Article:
District Of New Jersey Denies Building Materials Manufacturer’s Motion For Summary Judgment In Alleged Price Discrimination Lawsuit
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  • District Of New Jersey Denies Building Materials Manufacturer’s Motion For Summary Judgment In Alleged Price Discrimination Lawsuit
     
    04/16/2019
    On April 1, 2019, Judge William J. Martini of the United States District Court for the District of New Jersey denied Firestone Building Products Company LLC’s motion for summary judgment on price discrimination claims brought by a building materials distributor.  Marjam Supply Co. v. Firestone Bldg. Prod. Co., LLC, No. 2:11-cv-7119, 2019 WL 1451105 (D.N.J. Apr. 2, 2019).  Plaintiff alleged that defendant, a manufacturer of building materials, offered its roofing products to several of plaintiff’s competitors (“Favored Distributors”) at terms more favorable than those offered to plaintiff through a variety of non-uniform rebate, discount and financing programs in violation of Sections 2(a) and 2(d) of the Robinson-Patman Act.  Plaintiff claimed that due to the disparate terms offered by the manufacturer, Favored Distributors were able to offer the manufacturer’s products to plaintiff’s major customers at lower prices than plaintiff and that it lost significant business as a result.

    Judge Martini first addressed defendant’s motion for summary judgment on plaintiff’s Section 2(a) claim.  A prima facie Section 2(a) claim requires a plaintiff to prove four elements:  (1) that sales were made to two different purchasers in interstate commerce; (2) that the product sold was of the same grade and quality; (3) defendant discriminated in price as between the two purchasers; and (4) that the discrimination had a prohibited effect on competition.  Defendant argued, inter alia, that there was no genuine issue of material fact as to whether plaintiff suffered competitive or antitrust injuries.  Judge Martini disagreed, finding that plaintiff-distributor had provided enough direct and indirect evidence of competitive injury, as well as antitrust injury, to create a triable issue for the jury.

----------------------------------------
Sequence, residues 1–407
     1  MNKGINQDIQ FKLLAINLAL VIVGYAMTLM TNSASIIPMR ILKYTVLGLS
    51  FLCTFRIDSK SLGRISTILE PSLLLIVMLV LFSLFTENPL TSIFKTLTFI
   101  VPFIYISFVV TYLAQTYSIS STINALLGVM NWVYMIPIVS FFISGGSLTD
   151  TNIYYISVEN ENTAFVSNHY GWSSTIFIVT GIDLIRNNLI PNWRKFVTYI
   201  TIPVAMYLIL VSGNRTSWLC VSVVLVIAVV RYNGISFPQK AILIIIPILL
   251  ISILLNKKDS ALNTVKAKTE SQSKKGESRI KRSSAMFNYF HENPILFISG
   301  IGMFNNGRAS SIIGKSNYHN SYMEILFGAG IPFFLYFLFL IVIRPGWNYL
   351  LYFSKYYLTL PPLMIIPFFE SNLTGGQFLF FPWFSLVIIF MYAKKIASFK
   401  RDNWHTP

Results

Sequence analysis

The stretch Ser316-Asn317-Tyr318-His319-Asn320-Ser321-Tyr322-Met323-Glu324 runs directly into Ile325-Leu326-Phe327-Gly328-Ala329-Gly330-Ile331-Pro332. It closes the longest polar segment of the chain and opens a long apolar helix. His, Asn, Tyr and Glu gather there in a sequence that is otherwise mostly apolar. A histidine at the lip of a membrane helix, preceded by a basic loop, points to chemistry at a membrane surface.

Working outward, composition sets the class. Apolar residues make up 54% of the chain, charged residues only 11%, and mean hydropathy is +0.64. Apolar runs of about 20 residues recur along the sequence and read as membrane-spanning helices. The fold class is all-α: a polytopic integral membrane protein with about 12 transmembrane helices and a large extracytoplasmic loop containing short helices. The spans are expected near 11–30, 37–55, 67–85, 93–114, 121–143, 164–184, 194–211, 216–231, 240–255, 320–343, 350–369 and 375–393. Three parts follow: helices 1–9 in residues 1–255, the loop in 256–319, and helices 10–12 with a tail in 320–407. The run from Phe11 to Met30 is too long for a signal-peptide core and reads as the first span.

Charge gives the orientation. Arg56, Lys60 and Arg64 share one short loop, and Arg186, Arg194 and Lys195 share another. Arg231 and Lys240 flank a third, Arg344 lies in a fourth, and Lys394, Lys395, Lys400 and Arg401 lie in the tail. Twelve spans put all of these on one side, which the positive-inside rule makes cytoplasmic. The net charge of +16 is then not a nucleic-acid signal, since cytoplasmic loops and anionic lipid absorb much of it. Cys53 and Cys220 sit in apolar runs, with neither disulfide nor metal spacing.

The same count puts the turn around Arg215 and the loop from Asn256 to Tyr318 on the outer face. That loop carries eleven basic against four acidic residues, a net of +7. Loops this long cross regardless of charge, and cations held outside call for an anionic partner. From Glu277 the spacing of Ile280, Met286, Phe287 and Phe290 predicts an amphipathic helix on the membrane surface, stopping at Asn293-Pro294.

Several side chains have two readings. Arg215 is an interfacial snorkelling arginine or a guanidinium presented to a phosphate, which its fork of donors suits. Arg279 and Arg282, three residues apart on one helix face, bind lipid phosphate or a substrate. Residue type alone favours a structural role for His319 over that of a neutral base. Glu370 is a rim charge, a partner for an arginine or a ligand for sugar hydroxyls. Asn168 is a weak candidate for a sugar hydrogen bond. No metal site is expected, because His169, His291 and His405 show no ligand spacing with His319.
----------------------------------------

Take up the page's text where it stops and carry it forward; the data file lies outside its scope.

With respect to direct evidence of competitive injury, Judge Martini pointed to deposition testimony that plaintiff lost customers and sales because its prices were higher than its competitors, despite plaintiff lowering its prices several times to the point where the business was no longer profitable.  Further, rather than relying entirely on hearsay evidence as to customer motivation, plaintiff presented data-based expert evidence demonstrating that its sales to its major customers generally decreased from 2009-2011, while the Favored Distributors’ sales to the same customers increased, as well as contemporaneous business communications on point.  Evidence of the diversion of sales or profits from a disfavored purchaser to a favored purchaser, the court found, is the “hallmark of the requisite competitive injury.”  With respect to indirect evidence of competitive injury, Judge Martini found that plaintiff had offered proof of substantial price discrimination over time between competing purchasers in the form of inequitable rebates and terms of sale offered to the Favored Distributors, and that this was sufficient to establish the presumption of an injury to competition.  Further, because plaintiff had offered affirmative causation evidence that must be credited on a defense motion for summary judgment, the defense evidence offered to break the causal link between defendant’s conduct and plaintiff’s injury and to rebut the presumption of injury would need to be addressed at trial, not summary judgment.       

    With respect to antitrust injury, Judge Martini found that plaintiff had sufficiently demonstrated a link between the alleged price discrimination and plaintiff’s ability to compete to raise a triable issue of material fact.  Stating that the “connection between a distributor’s purchase and sale price may be so obvious that no evidence is required,” the court also found that plaintiff had an ample record of evidence, including deposition testimony about how distributors factored rebates into their pricing and how rebates affected prices, to meet its burden of showing “some damage flowing” from the Robinson-Patman violation.

    Judge Martini also rejected the defense argument that inter-brand competition between defendant and other roofing product manufacturers precluded finding the “requisite injury to competition.” Judge Martini found that plaintiff’s evidence that defendant threatened to revoke plaintiff’s distributorship if it carried another manufacturer’s products and that some major customers exclusively used defendant-branded roofing products, which prevented plaintiff from swapping manufacturers and continuing to compete for those customers’ business, was sufficient to create triable issue as to whether defendant’s conduct injured inter-brand competition.  Based on this analysis, Judge Martini denied the manufacturer’s motion for summary judgment. 

    Judge Martini’s decision is an important reminder that, while Robinson-Patman claims are relatively uncommon and generally disfavored for sound economic reasons, Robinson-Patman claims with sufficient evidentiary support can survive a motion for summary judgment.

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